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A riveting exhibition in the Sackler Wing, which traces the nude’s history in western art through some of the great masters of the Renaissance. Around 90 works, including those by Albrecht Dßrer, Michelangelo, Titian and Leonardo da Vinci, are on display, helping to piece together the emergence of a dynamic visual tradition that altered the values of European art forever.


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Cindy Sherman

NATIONAL PORTRAIT GALLERY 30 MAY – 1 SEPTEMBER The original selfie-taker, artist Cindy Sherman is known for interrogating the illusions of modern culture. Her photography invents fictitious characters and captures herself in imaginary situations, exploring the often complex and ambiguous relationship between appearance and reality. In a world where social media warps perception, her work has never been more relevant. As such, the National Portrait Gallery’s major retrospective will span over 40 years, putting her work in the context of portraiture. Look out for her ground-breaking series, Untitled Film Stills, which are being shown for the first time ever.

All images courtesy of the artist and Metro Pictures, New York


As blockbuster exhibitions go, Tate Britain’s major new show ‘Van Gogh and Britain’ is one not to miss. 45 seminal works by Vincent van Gogh - including Shoes, Starry Night on the Rhône and the rarely-lent Sunflowers - have been brought together to depict how the Dutch painter was inspired by Britain and how, in turn, he was a source of inspiration for British artists. 19

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e’s been called a chronicler of our age, for good reason. Contemporary photographer Martin Parr has been capturing the eccentricities of modern life for over four decades, his intimate, perceptive and witty images documenting mass culture and consumerism. But it’s his unconventional observations of ordinary people on beaches, enjoying themselves at sporting events, celebrating and socialising - that he is perhaps best known, and Only Human: Martin Parr at the National Portrait Gallery brings together these celebrated images, alongside new work. Featuring portraits from around the world, the exhibition examines national identity - one section of the show focuses on Britain in the time of Brexit, with new works revealing Parr’s wry observations on the social climate post the EU referendum. Other themes include the British Abroad and the ‘Establishment’ with recent images taken at Oxford and Cambridge Universities and the City of London giving an insight into the obscure rituals and ceremonies of British life. Parr has also photographed celebrities throughout his career and the show includes portraits of renowned personalities including British fashion legend Vivienne Westwood, artists Tracey Emin and Grayson Perry, and football player Pelé, as well as a number of Parr’s unforgettable self-portraits. To coincide with the exhibition, Phaidon is publishing Only Human - the first major survey of Parr’s work since 2002, which brings together 200 photographs from the past two decades, as well as presenting new bodies of work.; 20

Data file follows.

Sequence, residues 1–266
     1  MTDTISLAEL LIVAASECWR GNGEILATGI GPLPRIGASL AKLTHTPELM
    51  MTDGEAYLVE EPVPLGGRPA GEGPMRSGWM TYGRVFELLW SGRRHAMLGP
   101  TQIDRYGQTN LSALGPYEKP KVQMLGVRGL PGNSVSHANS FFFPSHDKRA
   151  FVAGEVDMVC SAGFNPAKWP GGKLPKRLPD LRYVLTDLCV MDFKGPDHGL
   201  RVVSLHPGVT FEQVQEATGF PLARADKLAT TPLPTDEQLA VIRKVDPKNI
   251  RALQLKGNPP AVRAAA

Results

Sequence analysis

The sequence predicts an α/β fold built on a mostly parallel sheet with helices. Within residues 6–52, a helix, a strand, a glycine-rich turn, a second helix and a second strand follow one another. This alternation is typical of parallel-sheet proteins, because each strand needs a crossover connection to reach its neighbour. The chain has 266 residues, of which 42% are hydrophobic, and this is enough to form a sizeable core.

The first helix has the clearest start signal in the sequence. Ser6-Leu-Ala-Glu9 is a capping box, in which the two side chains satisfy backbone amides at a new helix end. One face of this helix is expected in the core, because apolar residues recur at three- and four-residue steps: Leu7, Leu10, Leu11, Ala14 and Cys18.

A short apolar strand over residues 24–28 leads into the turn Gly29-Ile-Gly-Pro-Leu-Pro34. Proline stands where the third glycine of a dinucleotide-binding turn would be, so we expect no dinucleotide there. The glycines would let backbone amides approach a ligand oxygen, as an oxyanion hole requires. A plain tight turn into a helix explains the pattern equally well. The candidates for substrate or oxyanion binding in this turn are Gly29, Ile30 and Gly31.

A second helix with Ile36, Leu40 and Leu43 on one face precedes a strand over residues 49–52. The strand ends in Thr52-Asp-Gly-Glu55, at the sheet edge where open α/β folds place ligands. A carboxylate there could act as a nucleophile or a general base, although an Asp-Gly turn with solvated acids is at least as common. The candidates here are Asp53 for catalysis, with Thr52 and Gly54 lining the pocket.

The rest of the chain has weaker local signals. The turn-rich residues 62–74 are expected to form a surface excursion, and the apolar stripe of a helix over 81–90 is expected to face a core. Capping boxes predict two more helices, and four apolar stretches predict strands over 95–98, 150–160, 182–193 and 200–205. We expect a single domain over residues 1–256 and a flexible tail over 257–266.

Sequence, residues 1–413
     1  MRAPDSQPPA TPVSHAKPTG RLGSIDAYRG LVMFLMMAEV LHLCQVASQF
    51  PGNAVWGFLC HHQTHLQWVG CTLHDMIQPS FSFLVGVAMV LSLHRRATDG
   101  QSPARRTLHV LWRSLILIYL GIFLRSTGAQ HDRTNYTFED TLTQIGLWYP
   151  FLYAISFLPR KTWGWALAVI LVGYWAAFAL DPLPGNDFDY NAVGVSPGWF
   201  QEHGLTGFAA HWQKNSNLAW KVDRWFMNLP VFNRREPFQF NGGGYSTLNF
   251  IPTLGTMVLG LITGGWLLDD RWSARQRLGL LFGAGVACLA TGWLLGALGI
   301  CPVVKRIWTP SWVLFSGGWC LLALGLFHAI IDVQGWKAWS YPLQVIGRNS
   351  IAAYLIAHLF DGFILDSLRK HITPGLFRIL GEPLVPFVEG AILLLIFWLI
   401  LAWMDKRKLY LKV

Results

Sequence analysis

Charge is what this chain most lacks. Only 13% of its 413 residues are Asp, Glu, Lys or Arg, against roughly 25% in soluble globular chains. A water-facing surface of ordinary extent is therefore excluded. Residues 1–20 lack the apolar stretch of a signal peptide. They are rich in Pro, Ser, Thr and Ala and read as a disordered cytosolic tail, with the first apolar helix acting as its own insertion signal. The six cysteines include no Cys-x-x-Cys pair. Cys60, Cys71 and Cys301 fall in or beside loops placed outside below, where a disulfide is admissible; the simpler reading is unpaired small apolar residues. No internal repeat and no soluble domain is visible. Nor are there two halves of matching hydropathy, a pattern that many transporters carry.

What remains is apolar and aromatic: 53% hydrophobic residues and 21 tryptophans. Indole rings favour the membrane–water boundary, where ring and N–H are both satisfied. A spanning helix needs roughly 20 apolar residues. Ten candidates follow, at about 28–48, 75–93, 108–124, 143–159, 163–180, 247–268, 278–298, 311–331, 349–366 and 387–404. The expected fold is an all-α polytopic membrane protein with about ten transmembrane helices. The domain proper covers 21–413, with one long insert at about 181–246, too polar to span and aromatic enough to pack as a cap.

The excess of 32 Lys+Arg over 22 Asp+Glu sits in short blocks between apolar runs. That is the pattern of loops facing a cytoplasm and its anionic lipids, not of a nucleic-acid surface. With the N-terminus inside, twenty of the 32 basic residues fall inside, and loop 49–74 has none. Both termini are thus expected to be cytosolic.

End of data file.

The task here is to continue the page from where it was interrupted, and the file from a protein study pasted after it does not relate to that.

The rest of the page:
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Clockwise from top left: Sorrento, Italy, 2014; Vivienne Westwood, designer, London, England, 2012; The Queen visiting the Livery Hall of the Drapers’ Livery Company for their 650th Anniversary, the City of London, London, England, 2014; Harbhajan Singh, Willenhall Market, Walsall, the Black Country, England, 2011 Left: Nice, France, 2015. All pictures Š Martin Parr / Magnum Photos


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LEFT: Mary Quant, photograph by Ronald Dumont, c.1967. © adoc-photos Corbis Premium Historical Getty Images; THIS PAGE:The Mary Quant Beauty bus, 1971 © INTERFOTO Alamy Stock Photo

CONTRARY Mary Quant launched a fashion revolution in the Swinging Sixties. As an exhibition at the V&A celebrates the groundbreaking designer, The Glossary talks to co-curator Jenny Lister about the Mod aesthetic - and what it meant for female empowerment Words CLARE COULSON